A federal judge has tossed out a lawsuit accusing Harvard University’s legal journal of discriminating against white people and men when choosing student editors and articles, saying the suit fell “woefully short” of providing enough facts about who was harmed.

A Texas anti-affirmative action group Faculty, Alumni, and Students Opposed to Racial Preferences filed the lawsuit last October. A similar Texas-based group called Coalition for Meritocracy at Universities joined the lawsuit in January, adding new allegations regarding Harvard Law School’s faculty hiring policies, according to the Harvard Crimson, the school’s student newspaper.

The lawsuit challenged the Law Review’s “holistic review” policy used to choose 18 of the journal’s 48 editors. Such a review can take into account factors like race, gender, sexuality, physical disability and sexual orientation.

Both groups alleged that “at least one” of their own members is currently a student at Harvard Law and has experienced such discrimination, but declined to identify the students or provide other information about them.

Both the university and the legal journal filed separate motions to dismiss the case in December, alleging that the groups did not provide enough information on those students to make substantial claims. The judge allowed those motions on Thursday.

“In no meaningful way do these [allegations] ‘identify’ members such that their individual standing to pursue claims against any of the defendants might be assessed,” the judge’s motion stated in explaining the dismissal. “For example, without at least some descriptive information, it is impossible to evaluate whether it is plausible that the HLRA applications of the ‘current students’ referenced … were, or will be, impacted by the challenged component of the member-selection policy.”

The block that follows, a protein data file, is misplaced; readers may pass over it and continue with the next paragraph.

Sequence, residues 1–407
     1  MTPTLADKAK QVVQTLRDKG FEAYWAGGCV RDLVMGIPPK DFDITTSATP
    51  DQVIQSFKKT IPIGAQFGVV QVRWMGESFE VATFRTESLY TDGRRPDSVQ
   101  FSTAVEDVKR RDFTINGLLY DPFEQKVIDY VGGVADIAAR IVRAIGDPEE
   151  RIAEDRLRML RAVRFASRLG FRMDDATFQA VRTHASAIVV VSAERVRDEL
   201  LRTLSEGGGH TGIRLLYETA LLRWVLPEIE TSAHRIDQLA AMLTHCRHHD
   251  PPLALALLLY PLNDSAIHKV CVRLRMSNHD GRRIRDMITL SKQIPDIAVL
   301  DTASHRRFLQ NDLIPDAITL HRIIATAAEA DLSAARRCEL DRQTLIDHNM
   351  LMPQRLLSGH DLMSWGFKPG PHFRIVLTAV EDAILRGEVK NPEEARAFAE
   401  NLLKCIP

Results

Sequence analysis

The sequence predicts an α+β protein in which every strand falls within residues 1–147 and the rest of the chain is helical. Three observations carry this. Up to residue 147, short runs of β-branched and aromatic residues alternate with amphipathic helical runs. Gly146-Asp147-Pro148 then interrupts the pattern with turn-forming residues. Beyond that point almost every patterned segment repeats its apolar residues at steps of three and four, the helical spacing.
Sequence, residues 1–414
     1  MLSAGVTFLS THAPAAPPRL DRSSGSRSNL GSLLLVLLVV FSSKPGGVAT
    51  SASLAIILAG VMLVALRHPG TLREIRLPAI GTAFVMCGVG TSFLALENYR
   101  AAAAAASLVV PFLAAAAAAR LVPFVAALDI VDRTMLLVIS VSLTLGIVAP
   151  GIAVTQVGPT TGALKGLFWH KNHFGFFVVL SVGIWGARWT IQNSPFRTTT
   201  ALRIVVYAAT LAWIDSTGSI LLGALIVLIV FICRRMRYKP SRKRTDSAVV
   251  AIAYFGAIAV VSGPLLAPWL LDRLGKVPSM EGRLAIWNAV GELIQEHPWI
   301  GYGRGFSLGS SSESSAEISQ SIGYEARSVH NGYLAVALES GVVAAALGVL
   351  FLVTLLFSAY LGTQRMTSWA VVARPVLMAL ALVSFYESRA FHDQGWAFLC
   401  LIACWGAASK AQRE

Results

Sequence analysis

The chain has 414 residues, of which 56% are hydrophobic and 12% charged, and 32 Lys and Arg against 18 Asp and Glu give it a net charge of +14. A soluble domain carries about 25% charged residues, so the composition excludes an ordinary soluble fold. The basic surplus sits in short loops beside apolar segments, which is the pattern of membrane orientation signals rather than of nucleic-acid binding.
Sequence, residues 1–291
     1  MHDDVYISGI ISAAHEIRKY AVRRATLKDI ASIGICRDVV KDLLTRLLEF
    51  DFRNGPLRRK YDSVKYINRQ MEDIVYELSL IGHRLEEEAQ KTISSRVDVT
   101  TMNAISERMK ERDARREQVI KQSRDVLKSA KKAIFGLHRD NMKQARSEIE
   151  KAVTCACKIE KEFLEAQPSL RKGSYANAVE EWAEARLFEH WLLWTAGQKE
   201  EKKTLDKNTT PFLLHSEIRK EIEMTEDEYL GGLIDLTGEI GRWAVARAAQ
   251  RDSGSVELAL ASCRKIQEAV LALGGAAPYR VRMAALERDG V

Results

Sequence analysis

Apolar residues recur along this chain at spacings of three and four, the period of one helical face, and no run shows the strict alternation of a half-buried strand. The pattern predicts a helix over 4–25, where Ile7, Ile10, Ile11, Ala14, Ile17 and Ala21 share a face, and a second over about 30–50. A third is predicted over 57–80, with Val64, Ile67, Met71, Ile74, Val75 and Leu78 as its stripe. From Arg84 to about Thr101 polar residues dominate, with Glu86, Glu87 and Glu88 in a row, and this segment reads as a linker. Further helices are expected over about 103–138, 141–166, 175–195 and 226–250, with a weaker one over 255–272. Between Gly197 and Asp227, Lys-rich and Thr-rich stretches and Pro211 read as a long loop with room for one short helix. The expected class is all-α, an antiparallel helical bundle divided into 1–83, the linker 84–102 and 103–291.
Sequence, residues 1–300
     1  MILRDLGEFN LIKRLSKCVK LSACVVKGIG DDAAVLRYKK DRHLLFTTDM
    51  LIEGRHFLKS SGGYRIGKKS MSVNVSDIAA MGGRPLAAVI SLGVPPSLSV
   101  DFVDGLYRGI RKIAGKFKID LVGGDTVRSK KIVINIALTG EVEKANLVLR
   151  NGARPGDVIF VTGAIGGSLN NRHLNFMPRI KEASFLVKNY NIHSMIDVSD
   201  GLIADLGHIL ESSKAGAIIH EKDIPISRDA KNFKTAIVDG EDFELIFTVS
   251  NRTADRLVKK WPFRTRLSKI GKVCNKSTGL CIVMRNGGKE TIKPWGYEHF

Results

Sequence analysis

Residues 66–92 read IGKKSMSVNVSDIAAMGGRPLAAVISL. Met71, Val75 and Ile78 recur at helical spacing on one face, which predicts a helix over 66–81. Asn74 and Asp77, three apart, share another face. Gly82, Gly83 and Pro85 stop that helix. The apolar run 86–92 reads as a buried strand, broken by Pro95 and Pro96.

The lawyer who represented the groups was Jonathan F. Mitchell, a conservative lawyer who served as a Supreme Court clerk to Justice Antonin Scalia, worked at the Justice Department during the George W. Bush administration, and served as a volunteer attorney on the Trump transition team after the 2016 presidential election, according to The New York Times. Trump nominated Mitchell as chairman of the Administrative Conference of the U.S., an agency that advises the government on how to improve administrative workings, though that nomination still awaits Senate confirmation.

The Supreme Court permits institutions of higher education to consider race in admissions decisions but says the decision must be made in a specific way to promote diversity and should be implemented for a limited time.